Ankara accuses Greek courts of protecting terrorists

Ankara accuses Greek courts of protecting terrorists

Ankara said on Friday that the rejection of its extradition request for a Turkish terror suspect by a Greek court was “another new example of the Greek courts’ approach to protecting terrorist organizations.” 

In a statement, the Turkish Foreign Ministry said that the “judgment neither complies with the international obligations of Greece to combat terrorism, nor is it compatible with good-neighborly relations.” 

Memet Dogan, who is a Kurd, had been arrested in Athens on November 28, along with eight other fellow Turkish nationals, on terrorism charges shortly before Turkish President Recep Tayyip Erdogan’s visit to Greece in December.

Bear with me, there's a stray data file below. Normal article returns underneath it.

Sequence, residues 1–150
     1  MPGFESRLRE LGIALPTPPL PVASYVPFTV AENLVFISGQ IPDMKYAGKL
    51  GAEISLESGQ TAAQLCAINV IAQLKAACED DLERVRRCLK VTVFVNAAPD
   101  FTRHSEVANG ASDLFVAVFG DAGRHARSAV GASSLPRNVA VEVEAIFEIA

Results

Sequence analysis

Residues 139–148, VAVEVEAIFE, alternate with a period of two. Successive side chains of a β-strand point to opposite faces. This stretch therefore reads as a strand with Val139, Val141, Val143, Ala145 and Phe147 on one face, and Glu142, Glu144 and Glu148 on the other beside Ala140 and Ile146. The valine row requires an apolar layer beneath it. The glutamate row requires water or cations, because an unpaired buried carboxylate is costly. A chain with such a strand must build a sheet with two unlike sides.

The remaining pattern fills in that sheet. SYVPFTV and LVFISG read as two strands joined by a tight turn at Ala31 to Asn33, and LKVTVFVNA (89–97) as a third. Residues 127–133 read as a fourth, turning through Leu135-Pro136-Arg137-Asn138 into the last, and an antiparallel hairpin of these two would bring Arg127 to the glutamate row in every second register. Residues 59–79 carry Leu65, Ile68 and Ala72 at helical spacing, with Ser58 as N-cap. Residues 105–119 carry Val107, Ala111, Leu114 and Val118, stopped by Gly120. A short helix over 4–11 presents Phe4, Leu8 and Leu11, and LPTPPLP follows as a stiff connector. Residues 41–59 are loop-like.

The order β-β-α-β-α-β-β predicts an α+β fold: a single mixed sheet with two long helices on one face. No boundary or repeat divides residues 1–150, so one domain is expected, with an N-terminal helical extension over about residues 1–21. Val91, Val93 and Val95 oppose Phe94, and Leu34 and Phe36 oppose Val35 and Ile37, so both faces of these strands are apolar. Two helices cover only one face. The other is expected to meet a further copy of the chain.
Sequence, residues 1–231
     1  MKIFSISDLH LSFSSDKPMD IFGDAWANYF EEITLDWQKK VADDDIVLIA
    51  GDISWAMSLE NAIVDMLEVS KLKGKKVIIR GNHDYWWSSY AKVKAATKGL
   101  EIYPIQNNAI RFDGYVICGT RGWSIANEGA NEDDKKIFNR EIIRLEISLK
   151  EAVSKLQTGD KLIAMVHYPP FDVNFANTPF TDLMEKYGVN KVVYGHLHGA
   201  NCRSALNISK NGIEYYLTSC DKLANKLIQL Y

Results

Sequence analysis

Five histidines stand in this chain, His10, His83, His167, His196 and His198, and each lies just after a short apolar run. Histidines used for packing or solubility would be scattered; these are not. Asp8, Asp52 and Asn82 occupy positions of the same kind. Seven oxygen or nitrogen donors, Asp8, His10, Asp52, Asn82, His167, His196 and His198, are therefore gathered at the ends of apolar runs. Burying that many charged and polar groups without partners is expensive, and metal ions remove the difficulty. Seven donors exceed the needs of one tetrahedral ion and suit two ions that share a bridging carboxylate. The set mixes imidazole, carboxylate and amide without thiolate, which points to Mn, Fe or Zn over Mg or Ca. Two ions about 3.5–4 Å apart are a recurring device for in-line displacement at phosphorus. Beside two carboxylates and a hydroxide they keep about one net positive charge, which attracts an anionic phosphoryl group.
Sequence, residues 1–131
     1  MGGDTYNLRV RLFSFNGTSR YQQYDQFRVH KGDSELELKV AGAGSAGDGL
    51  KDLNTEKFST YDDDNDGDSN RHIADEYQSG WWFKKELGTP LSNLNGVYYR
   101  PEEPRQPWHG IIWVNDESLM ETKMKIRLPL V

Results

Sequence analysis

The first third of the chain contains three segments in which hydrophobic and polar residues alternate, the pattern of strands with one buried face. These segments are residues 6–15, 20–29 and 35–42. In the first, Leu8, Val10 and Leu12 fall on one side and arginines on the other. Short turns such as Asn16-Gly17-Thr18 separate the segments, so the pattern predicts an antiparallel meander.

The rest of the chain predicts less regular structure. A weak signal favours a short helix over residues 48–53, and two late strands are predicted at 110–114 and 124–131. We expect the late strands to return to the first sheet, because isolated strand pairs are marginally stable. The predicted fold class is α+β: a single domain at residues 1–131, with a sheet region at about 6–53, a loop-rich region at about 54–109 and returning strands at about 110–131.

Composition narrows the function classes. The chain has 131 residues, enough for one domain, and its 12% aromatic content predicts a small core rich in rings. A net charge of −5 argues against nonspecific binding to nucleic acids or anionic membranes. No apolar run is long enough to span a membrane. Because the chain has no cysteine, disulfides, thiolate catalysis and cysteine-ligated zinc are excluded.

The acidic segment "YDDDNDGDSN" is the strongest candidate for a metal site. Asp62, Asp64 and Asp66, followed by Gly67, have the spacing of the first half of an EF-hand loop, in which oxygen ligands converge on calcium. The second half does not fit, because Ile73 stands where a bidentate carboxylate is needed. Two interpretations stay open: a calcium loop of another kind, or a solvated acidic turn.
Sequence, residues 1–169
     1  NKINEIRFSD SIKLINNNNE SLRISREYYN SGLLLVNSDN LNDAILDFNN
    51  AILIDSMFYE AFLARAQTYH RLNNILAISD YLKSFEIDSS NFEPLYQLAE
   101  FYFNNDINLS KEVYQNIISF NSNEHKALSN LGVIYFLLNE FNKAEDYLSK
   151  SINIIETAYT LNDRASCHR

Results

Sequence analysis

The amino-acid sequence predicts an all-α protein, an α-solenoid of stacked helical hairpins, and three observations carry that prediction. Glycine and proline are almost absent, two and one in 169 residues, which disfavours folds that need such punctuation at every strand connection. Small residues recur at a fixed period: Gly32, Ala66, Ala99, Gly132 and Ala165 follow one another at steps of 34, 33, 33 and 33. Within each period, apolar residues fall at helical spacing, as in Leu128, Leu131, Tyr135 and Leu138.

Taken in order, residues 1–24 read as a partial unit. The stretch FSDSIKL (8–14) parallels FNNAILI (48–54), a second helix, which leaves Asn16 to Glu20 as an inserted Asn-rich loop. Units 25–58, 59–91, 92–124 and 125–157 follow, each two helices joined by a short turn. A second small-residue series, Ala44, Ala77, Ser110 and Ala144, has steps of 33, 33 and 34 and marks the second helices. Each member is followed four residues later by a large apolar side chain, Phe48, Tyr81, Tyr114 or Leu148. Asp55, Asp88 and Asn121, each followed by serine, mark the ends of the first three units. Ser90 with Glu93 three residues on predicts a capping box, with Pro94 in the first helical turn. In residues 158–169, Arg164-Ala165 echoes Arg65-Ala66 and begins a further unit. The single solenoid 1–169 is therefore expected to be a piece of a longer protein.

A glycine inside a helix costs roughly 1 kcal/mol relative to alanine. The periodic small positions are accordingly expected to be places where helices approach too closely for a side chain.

“In the future, we expect the Greek judiciary to take just and lawful decisions, free from political pressure,” the statement concluded. 

Greece’s three-member Council of Appeals Court Judges accepted on Friday that Dogan has already been recognized by France as a political refugee. 

Addressing the court earlier, prosecutor Efstathia Kapayianni said that he is a political refugee in accordance with the Geneva Treaty of 1951 which overrides the Greek Constitution and does not allow his extradition to Turkey.

“Consequently, his return to Turkey, where it has already been deemed that his life will be in danger and that he will suffer torture and inhuman treatment, will not be allowed,” she said.

The extradition request for another one of the suspects will be heard on Tuesday.

In December a Greek court ordered the detention of nine Turkish citizens pending trial for terrorism-related offenses including ties to a banned militant group behind suicide bombings in Turkey.

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